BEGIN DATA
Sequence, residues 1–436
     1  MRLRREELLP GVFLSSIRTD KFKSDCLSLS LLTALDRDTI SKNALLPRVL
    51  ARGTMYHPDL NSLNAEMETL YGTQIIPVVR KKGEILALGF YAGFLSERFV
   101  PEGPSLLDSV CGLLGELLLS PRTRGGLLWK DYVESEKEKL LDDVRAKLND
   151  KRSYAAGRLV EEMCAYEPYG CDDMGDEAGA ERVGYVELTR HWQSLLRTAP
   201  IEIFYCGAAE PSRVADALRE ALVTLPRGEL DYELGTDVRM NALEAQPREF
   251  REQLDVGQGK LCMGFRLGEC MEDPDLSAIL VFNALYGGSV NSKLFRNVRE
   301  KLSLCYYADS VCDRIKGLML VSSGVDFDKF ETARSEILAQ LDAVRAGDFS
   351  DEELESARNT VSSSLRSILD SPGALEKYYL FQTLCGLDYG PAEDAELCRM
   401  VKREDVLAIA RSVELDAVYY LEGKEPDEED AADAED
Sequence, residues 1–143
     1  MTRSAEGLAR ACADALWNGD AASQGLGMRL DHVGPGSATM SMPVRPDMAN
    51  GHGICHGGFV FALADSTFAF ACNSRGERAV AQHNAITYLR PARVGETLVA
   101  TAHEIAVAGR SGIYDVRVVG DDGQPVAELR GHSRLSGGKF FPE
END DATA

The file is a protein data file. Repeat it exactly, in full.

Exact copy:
Sequence, residues 1–436
     1  MRLRREELLP GVFLSSIRTD KFKSDCLSLS LLTALDRDTI SKNALLPRVL
    51  ARGTMYHPDL NSLNAEMETL YGTQIIPVVR KKGEILALGF YAGFLSERFV
   101  PEGPSLLDSV CGLLGELLLS PRTRGGLLWK DYVESEKEKL LDDVRAKLND
   151  KRSYAAGRLV EEMCAYEPYG CDDMGDEAGA ERVGYVELTR HWQSLLRTAP
   201  IEIFYCGAAE PSRVADALRE ALVTLPRGEL DYELGTDVRM NALEAQPREF
   251  REQLDVGQGK LCMGFRLGEC MEDPDLSAIL VFNALYGGSV NSKLFRNVRE
   301  KLSLCYYADS VCDRIKGLML VSSGVDFDKF ETARSEILAQ LDAVRAGDFS
   351  DEELESARNT VSSSLRSILD SPGALEKYYL FQTLCGLDYG PAEDAELCRM
   401  VKREDVLAIA RSVELDAVYY LEGKEPDEED AADAED
Sequence, residues 1–143
     1  MTRSAEGLAR ACADALWNGD AASQGLGMRL DHVGPGSATM SMPVRPDMAN
    51  GHGICHGGFV FALADSTFAF ACNSRGERAV AQHNAITYLR PARVGETLVA
   101  TAHEIAVAGR SGIYDVRVVG DDGQPVAELR GHSRLSGGKF FPE